Nitrous Oxide sedation for intra-articular injection in juvenile idiopathic arthritis

Yosef Uziel, Gil Chapnick, Michal Rothschild, Tsivia Tauber, Joseph Press, Liora Harel, Philip J. Hashkes

Research output: Contribution to journalArticlepeer-review


Background: Intra-articular corticosteroid injection in juvenile idiopathic arthritis (JIA) is often associated with anxiety and pain. Recent reports advocate the use of nitrous oxide (NO), a volatile gas with analgesic, anxiolytic and sedative properties. Objective: To prospectively evaluate the effectiveness and safety of NO analgesia for intra-articular corticosteroid injection in JIA, and to assess patients and staff satisfaction with the treatment. Methods: NO was administered to JIA patients scheduled for joint injection. The patient, parent, physician and nurse completed visual-analog scores (VAS) (0-10) for pain, and a 5-point satisfaction scale. Change in heart rate (HR) during the procedure was recorded in order to examine physiologic response to pain and stress. Patient's behavior and adverse reactions were recorded. Results: 54 procedures (72 joints) were performed, 41 females, 13 males; 39 Jewish, 13 Arab; mean age was 12.2 ± 4.7 year. The median VAS pain score for patients, parents, physicians and nurses was 3. The HR increased ≥ 15% in 10 patients. They had higher VAS scores as evaluated by the staff. The median satisfaction level of the parents and staff was 3.0 and 5.0 respectively. Adverse reactions were mild. Conclusion: NO provides effective and safe sedation for JIA children undergoing intra-articular injections.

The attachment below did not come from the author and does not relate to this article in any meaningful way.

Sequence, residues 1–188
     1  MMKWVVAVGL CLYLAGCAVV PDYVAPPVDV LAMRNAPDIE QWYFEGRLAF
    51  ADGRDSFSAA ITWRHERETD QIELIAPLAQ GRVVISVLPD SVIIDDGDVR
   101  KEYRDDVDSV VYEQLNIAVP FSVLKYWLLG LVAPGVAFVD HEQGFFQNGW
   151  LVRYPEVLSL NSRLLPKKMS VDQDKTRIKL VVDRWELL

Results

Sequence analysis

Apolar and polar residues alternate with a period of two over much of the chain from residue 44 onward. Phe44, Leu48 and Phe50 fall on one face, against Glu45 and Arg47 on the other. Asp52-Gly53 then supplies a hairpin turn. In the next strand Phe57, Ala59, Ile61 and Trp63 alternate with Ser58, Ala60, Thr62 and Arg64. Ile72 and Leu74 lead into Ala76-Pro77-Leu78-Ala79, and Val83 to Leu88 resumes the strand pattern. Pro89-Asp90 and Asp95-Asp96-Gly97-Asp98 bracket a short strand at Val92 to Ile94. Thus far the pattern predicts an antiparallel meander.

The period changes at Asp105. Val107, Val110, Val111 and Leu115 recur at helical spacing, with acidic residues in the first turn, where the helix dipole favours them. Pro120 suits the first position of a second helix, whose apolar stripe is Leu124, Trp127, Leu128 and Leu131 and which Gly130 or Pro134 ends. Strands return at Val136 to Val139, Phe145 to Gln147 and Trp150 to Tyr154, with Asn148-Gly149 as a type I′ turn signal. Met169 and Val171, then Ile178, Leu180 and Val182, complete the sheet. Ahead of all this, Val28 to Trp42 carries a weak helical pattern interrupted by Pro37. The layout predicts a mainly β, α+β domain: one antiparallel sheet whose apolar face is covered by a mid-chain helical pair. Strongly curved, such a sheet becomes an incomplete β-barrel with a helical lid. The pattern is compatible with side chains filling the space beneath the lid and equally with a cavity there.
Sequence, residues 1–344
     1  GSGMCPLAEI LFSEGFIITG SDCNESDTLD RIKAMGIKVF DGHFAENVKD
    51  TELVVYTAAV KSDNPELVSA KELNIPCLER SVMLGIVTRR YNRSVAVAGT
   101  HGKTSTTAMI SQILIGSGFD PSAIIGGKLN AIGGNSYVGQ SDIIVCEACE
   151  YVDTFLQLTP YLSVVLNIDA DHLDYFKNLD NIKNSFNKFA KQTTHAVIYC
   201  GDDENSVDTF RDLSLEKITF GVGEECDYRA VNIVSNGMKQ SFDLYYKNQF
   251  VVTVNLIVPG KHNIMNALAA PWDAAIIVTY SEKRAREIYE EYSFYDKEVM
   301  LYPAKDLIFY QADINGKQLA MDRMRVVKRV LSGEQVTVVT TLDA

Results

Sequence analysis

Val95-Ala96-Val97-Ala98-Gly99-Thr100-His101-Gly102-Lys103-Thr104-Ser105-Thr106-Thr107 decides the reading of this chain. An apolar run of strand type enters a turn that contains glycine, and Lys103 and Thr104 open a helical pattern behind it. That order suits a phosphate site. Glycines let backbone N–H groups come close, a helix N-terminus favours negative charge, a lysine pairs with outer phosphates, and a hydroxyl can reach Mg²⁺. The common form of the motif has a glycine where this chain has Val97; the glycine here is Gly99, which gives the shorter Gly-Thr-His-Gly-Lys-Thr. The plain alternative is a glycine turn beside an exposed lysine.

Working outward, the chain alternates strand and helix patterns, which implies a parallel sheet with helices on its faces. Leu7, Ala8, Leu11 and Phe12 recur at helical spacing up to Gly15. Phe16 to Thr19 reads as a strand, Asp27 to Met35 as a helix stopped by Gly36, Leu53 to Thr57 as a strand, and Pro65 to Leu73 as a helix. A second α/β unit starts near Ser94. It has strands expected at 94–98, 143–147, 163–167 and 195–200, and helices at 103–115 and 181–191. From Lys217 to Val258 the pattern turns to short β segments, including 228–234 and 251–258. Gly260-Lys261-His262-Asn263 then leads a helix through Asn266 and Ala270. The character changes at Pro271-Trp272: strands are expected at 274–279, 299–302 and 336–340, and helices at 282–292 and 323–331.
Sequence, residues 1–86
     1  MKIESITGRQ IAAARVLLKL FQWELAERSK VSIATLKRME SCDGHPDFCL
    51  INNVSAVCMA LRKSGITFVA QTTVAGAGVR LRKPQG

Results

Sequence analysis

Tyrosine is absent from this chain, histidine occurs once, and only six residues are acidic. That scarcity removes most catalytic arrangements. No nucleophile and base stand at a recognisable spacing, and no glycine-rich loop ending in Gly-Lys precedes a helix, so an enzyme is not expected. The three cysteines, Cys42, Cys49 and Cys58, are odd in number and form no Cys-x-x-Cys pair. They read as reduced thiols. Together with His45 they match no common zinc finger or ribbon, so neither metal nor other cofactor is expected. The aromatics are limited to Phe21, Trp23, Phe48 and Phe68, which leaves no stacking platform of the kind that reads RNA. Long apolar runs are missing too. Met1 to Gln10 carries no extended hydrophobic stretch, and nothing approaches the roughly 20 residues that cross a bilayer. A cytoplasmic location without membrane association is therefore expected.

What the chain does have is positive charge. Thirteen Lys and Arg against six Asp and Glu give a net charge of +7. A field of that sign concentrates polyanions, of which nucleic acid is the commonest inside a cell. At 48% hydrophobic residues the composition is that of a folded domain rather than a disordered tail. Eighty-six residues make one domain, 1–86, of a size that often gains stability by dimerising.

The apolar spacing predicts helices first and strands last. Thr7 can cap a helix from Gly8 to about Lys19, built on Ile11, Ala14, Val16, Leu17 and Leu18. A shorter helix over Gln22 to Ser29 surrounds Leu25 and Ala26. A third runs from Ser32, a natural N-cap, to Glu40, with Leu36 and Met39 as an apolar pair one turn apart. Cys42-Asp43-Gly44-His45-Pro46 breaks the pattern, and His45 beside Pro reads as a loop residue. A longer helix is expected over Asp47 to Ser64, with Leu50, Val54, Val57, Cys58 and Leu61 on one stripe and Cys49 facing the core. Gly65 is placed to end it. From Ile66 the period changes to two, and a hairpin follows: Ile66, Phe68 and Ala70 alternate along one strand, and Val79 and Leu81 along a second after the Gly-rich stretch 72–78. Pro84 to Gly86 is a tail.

Original languageEnglish
Article number1
JournalPediatric Rheumatology
StatePublished - 15 Jan 2008


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